This piece of music is taken from ‘The Mystical Secret Guqin Pieces’, and legendary accounts claim that its composer was Ruanji of the Kingdom of Wei during the period of the three kingdoms. Feigning temporary madness due to the influence of liquor, he expresses his strong dissatisfaction with the harshness of his society and existence.
Three Variations on Plum Blossom — Qin Pu Xie Sheng
According to legend, Huan Yi composed this piece for bamboo flute solo during the Jin Dynasty, and others produced a Guqin arrangement of the composition at a later date. This selection very elegantly and sensitively eulogizes the incorrigible, infinite nature of the plum blossom. This lasting blossom of delicate beauty can withstand both the harsh chill of frost and the relentless, heavy burden of steadily falling snow. This piece of music is meant to honor and praise men of noble thoughts and actions.
Confucius Reading the Book of Changes — Tian Wen Ge Qin Pu
In this piece, Confucius is reading The Book of Changes one evening in autumn as his head gently sways to the cadence of his spoken words. With excellent musicianship, the player performs the music with rapid left-hand fingering of shuang zhuang along with resplendent, resonating glissandi. The resulting effect is lyrical and melodious with reverberating notes of pure, calm beauty, and this composition holds a prominent place in the repertoire of the Shu stylistic school.
Girl’s Love — Jingqing Xu
This haunting song was played in the 1986 TV series, Journey to the West, and it paints a picture of Tang Sen’s arrival with his disciples in the Kingdom of Women. It also reveals the Queen’s feelings of affection for him:
“‘The lovebirds rest in couples and butterflies dance in pairs. Intoxicated and sweetened by a garden of spring airs.
I whisper to my love: “Am I pretty”?
Forget my noble birth, and set aside your Buddhist principles!
Let’s be always shadows of each other, the sky and earth last forever and ever:
my love, be my lover! Let us stay as a couple forever!'”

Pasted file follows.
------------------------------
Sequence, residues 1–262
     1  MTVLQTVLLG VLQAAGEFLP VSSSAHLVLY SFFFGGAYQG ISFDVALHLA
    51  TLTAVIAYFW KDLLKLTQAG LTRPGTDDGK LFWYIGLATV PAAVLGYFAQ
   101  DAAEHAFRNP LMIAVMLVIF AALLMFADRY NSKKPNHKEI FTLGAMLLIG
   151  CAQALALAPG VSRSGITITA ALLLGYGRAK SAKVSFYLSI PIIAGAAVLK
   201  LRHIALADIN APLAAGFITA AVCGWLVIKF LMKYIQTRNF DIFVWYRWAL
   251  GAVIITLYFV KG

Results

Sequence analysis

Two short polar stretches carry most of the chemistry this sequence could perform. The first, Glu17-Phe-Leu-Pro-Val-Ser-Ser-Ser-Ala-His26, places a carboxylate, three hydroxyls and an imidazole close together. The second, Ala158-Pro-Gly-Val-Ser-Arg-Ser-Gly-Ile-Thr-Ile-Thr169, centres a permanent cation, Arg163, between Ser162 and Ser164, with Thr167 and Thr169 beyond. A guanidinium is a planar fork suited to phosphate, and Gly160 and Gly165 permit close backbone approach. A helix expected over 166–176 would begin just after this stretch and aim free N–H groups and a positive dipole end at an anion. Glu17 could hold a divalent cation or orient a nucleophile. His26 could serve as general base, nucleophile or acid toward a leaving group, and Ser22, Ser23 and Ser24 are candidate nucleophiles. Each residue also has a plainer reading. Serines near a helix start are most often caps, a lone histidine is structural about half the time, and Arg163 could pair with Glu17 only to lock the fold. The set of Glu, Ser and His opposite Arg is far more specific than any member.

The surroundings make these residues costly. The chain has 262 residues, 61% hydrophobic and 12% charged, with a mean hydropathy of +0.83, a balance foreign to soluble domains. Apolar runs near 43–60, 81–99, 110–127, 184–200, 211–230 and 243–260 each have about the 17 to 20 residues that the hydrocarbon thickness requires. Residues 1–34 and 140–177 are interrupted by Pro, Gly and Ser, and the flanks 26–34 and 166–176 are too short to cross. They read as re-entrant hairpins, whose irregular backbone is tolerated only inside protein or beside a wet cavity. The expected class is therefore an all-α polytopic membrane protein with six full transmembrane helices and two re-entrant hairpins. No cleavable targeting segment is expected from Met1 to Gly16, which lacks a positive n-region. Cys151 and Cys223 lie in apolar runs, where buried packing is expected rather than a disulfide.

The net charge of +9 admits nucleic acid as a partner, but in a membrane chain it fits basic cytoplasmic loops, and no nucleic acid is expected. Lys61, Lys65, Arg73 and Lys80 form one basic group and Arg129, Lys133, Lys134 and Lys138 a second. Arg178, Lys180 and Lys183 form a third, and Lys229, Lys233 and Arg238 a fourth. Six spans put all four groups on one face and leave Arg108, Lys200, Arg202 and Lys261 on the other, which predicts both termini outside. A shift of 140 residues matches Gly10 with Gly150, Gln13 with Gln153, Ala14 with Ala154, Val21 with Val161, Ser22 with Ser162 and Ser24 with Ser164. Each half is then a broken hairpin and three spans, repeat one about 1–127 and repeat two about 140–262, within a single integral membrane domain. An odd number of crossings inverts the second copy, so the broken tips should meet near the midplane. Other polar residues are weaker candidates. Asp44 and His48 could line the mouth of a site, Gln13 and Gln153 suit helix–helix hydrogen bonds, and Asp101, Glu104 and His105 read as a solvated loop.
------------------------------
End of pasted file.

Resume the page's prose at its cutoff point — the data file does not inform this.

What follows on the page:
This concert included splendid solo performances by Jiaoyue and by her guest artists, Stephen Dydo and Wang Yang. In addition, there was a dynamic and innovative improvisational selection of music performed by Ms. Lyu and Mr. Dydo as a Guqin Duo. This unique and mesmerizing music gem moved seamlessly and exquisitely from ancient, traditional Chinese styles to the daring, intriguing edges of contemporary music with heights of excellence, accomplishment and pure artistic vision to educate, enthrall and delight each and every attendee in the very fortunate audience.
The four essential manifestations of cultural tradition in China are musical instruments, chess, calligraphy and painting. Among musical instruments, the Guqin reigns as the leading symbol of significance for the category of music. With a rich history spanning almost 3,000 years, the artful Guqin was an addition to the second listing of “Masterpieces of the Oral and Intangible Heritage of Humanity” by the United Nations Educational, Scientific and Cultural Organization (UNESCO) on November 7, 2003. According to ancient words of wisdom, Guqin offers a profoundly beautiful mode by which to express an individual’s ideas while revealing one’s true nature. Throughout its history, Guqin has been an ideal artistic vehicle for humankind to convey emotions while seeking internal peace, moderation and tranquility.
After its disappearance in the final days of the Song Dynasty in China, the Zhu was virtually lost for nearly one thousand years. During this enthralling concert of fine excellence in the Stanley H. Kaplan Penthouse at Lincoln Center in New York City, Jiaoyue Lyu introduced the Zhu to the Western World, sharing this ancient and intriguing instrument of graceful beauty and marking the very first time this instrument has been played outside of China. Ms. Lyu’s very memorable performance also holds the distinction of being the first presentation of this rare stringed instrument on such a prestigious and acclaimed concert stage and venue as the Kaplan Penthouse. At the present time, only 13 Zhu instruments exist globally, and there are currently only approximately 20 Zhu players worldwide. Jiaoyue’s recent performance gave her very fortunate audience the cherished and rare opportunity of sharing the transformational experience of its exquisite grace and newborn vitality of sound.